The film is a supernatural thriller with the existent themes of obsession, romance, love and betrayal.
People who were active fans of the Nollywood industry in the 90s and the early 2000s or even watched the popular Mount Zion movies like Captives of the Mighty are definitely no strangers to this theme. Alternatively, if you spend your time watching Christian TV shows on cable TV today or have your ears to the ground on mysterious things happening around, you may have seen or heard at least an occurence of something like this.
And yet, for a concept, pretty existent in the African space, it hasn’t been tackled as much in new Nollywood since the 2017 movie ‘Dibia’ directed by Muyiwa Aluko. The three minute trailer for Sylvia, released in May, does a great job of wetting your appetite as it takes you through the fun and thrilling shots from the movie and also kind of gives you the premise of the film. You already know, from the trailer, that’s there’s a lot of relationship between two different realms.
The film, which is Trino Studios' first feature film is a supernatural thriller with the existent themes of obsession, romance, love and betrayal. It explores the cause and effect nature of relationships, mental health and the real versus the surreal world.
Written by Vanessa Kanu, who describes the movie as an exploration of consciousness, and directed by Daniel Oriahi, the story is centered around Richard Okezie (Chris Attoh), who exists both in the real world and the fantasy world: home to his friend and lover, Sylvia (Zainab Balogun).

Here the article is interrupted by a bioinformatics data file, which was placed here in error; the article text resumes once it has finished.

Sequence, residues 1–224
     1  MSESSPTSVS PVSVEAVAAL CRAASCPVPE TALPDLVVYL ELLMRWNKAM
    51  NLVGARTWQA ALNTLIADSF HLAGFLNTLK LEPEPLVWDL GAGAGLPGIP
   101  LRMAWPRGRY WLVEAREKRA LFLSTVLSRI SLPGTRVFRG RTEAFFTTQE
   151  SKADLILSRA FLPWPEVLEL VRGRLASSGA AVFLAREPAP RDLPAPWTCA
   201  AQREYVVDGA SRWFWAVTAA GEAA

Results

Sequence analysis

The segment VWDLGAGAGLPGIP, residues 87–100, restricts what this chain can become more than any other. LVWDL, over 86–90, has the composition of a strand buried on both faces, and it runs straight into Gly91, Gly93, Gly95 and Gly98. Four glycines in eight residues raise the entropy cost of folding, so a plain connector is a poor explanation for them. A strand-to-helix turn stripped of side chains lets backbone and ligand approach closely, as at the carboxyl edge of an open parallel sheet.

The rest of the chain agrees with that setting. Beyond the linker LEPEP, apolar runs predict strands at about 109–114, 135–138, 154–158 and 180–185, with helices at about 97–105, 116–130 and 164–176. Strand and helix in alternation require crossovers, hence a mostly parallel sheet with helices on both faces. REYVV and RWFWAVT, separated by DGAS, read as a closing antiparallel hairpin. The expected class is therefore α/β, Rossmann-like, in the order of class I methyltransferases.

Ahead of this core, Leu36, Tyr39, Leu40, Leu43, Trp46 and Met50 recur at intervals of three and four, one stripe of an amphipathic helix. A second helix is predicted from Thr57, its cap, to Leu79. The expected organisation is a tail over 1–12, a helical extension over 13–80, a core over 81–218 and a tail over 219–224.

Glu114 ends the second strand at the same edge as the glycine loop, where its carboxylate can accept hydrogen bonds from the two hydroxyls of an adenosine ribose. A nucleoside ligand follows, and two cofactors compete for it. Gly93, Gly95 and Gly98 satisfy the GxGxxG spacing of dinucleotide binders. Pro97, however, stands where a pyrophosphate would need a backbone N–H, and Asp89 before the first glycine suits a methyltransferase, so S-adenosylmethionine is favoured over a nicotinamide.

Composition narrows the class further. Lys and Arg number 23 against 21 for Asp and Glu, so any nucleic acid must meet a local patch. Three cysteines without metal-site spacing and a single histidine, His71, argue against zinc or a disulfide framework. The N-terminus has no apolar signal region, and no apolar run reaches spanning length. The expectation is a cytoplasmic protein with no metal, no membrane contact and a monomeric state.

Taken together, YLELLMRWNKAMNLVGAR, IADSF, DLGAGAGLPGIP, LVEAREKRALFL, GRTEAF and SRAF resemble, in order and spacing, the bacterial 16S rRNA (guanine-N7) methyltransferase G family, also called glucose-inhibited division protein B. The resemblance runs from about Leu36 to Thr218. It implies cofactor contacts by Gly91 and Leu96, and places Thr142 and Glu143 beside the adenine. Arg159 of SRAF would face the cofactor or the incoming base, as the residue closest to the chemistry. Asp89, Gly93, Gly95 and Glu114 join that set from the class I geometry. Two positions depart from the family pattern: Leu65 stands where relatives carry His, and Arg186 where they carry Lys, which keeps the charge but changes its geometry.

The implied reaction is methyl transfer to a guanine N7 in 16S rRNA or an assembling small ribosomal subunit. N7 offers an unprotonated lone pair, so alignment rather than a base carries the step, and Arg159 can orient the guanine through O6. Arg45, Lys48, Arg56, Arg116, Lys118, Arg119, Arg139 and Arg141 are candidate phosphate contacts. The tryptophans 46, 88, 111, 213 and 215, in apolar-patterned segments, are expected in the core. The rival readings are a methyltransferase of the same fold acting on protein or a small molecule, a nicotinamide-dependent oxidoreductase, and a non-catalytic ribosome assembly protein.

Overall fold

They go on from childhood until Richard is a man and then, he decides to leave Sylvia for a 'real woman', Gbemi (Ini Dima Okojie) and both worlds couldn’t hold what happened afterwards.
There's a lot to like about Sylvia really: for one, there's this fresh feel to an existing story on spirituality, something that is pretty common in our world today. Asides this, the acting is actually above average most of the time. Zainab Balogun does a great job playing Sylvia, and bringing the whole elements of psycho to her role.
Chris Attoh is also brilliant as well, and so is Udoka Onyeka who plays Richard’s close friend, Obaro. Ini Dima Okojie has her moments as well and delivers a great job as the cheerful Gbemi Okezie. There’s also the music composed by award-winning film composer and sound engineer, Michael 'Truth' Ogunlade which sets the tune throughout the movie, and undoubtedly is one of the best things about the film.
However, there are a couple of gap holes that would probably leave you thinking for a while when you see the movie. For one, there's the link between both worlds that gets a loose and not so well thought of explanation somewhere in the movie, if you ask me. Also, considering that the other realm is an entirely new subject to a lot of us, the concept of aging poses a huge problem to me and I'm guessing a lot of people would agree.
Sylvia starts off as a child, as seen as she lays on carpet grass and grows up eventually. She also manages to stay as a young adult over time and this leaves you asking about the characteristics of things in the other realm. In the director’s defence however, you could say it’s an imaginary thing. So as Richard grows in reality, he imagines that Sylvia is growing too in his head.
Apart from this, the first few minutes of the 104 minutes thriller is slow and one may be immersed in other things at the time. However, It makes up for all of this with the drama and action in subsequent scenes. Given that spirit husband or wives is a well-explored theme in old-era Nollywood, Sylvia is a modern update, but it’s too hackneyed to leave a lasting impression.
Sylvia is out in cinemas from September 21st.
Written by Franklin Ugobude
Frank Ugobude is a social media manager at Pulse.ng